One of the things our tour guide explained was how Gaelic (or as the Irish call it – the Irish language) is translated into various words today.  For example, Dublin is actually a combination of two Gaelic words – Dubh which means black and Linn which means pool. This reference to the “black pool” is the dark water where the River Poodle met the River Liffey, at the rear of the Dublin Castle near the garden area.  I believe that the River Poodle no longer meets the River Liffey as Dublin has expanded.  For most of the tour, our guide mentioned the various areas that we were passing through had formerly been marsh but as the city grew, the marshes/bogs were filled in and built upon.

Another example of Gaelic names was the Phoenix Park where the Dublin Zoo is located.  In the early days, when Gaelic was the primary language the park area was called Fionn Uisce which translates to Clear Water after a natural spring found on the land.  In 1611, Sir Edward Fisher leased the land and built a country residence.  It was called the Phoenix house as that was closest sounding to Fionn Uisce.  In 1662, the land became a deer park for King Charles II.  Today, one can still see deer in this park.   In 1745, the land was opened as a park to the public by Lord Chesterfield.  It covers over 1,750 acres which would be the equivalent of 2 New York City’s Central Park.  An interesting side-note that I discovered while researching about Phoenix Park, listed among the rules, one must have special permission to play frisbee from the park superintendent.  I wonder if that is really enforced?img_2316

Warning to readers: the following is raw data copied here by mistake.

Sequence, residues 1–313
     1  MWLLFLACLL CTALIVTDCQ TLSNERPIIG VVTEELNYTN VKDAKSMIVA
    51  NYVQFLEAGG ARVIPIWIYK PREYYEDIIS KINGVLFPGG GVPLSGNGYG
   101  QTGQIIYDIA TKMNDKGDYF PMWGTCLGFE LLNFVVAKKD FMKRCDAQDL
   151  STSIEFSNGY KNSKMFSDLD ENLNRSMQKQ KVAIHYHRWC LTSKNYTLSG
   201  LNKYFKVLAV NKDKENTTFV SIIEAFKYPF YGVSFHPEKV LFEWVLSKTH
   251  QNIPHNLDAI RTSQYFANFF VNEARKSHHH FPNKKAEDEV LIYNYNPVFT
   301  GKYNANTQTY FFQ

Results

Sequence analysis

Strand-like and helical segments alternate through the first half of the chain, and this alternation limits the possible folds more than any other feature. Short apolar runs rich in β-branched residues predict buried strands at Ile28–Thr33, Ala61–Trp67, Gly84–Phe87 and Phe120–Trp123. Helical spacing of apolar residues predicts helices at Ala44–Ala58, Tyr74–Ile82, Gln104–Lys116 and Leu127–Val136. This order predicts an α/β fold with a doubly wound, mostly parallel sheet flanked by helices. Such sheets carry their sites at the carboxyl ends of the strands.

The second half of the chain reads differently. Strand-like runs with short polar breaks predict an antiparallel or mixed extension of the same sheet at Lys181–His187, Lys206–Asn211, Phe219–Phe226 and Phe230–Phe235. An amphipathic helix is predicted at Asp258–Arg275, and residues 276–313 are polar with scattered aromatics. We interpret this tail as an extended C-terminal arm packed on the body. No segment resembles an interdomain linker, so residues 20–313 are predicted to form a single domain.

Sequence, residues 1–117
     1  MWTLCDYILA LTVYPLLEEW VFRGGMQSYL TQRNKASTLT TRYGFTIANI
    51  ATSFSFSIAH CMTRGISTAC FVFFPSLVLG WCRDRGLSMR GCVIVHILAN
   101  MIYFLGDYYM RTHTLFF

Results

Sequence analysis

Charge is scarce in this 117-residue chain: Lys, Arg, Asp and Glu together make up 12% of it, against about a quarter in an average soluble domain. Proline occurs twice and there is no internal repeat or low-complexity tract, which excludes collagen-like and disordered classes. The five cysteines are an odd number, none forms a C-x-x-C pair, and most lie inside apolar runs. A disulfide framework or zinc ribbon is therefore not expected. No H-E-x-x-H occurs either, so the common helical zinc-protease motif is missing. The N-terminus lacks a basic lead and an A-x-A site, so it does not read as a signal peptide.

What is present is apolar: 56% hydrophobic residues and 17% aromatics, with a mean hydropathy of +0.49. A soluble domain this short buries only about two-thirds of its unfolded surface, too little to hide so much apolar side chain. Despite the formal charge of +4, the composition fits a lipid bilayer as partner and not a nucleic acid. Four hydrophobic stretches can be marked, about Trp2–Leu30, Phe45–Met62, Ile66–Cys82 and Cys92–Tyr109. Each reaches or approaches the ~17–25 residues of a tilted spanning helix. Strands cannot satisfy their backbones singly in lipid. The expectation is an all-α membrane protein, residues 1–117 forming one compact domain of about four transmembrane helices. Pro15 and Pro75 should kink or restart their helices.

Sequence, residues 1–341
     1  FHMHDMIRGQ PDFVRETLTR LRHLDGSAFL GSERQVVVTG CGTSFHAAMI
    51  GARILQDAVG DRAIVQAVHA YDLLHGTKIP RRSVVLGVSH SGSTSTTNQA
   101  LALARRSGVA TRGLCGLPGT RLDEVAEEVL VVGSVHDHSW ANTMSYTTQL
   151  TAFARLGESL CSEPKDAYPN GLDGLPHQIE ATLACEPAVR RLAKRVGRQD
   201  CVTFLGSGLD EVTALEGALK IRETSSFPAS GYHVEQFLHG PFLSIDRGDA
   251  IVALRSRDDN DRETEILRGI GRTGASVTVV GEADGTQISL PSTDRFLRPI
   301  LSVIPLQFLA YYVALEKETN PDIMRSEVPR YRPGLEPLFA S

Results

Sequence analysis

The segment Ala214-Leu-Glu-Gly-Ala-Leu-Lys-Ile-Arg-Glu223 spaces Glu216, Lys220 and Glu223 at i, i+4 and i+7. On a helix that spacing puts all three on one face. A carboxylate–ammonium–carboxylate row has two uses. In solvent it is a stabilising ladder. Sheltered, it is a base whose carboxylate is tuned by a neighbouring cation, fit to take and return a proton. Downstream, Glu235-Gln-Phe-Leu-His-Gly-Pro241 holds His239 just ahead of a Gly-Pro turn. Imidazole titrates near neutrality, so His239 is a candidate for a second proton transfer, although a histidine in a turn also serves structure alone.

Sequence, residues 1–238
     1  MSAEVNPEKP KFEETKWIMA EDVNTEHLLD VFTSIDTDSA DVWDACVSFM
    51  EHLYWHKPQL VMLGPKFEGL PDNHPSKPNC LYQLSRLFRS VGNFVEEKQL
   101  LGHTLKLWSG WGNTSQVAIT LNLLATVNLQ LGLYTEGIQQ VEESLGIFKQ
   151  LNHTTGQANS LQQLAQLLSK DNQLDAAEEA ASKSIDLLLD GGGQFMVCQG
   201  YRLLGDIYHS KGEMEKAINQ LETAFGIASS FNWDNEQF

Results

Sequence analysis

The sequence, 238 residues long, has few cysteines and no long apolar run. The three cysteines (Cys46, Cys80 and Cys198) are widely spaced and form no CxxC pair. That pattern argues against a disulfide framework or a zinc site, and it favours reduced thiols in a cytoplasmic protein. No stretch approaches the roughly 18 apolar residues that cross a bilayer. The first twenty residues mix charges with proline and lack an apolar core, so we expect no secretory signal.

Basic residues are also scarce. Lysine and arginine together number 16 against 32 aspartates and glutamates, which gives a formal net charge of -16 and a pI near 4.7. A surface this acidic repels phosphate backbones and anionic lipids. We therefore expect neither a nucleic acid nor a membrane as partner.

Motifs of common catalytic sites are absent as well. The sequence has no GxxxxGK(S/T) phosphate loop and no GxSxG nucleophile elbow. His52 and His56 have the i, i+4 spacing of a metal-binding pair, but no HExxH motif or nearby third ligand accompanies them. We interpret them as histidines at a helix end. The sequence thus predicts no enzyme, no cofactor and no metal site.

Just inside the gate is the Wellington Monument. Standing at 205 ft, it is tallest obelisk monument in Ireland and Europe and the second tallest in the world.  The tallest
is the Washington Monument, which is 555 ft tall, in Washington DC.   This monument was built to commemorate the accomplishments of Dublin native, Arthur Wellesley, 1st Duke of Wellington.

 

These are the buildings along Fitzwilliam Street, also known as the Georgian Mile.  These buildings, of Georgian architecture, were built in the late 18th century. Georgian architecture is very symmetrical and has very little or no ornamentation on the outside.img_2312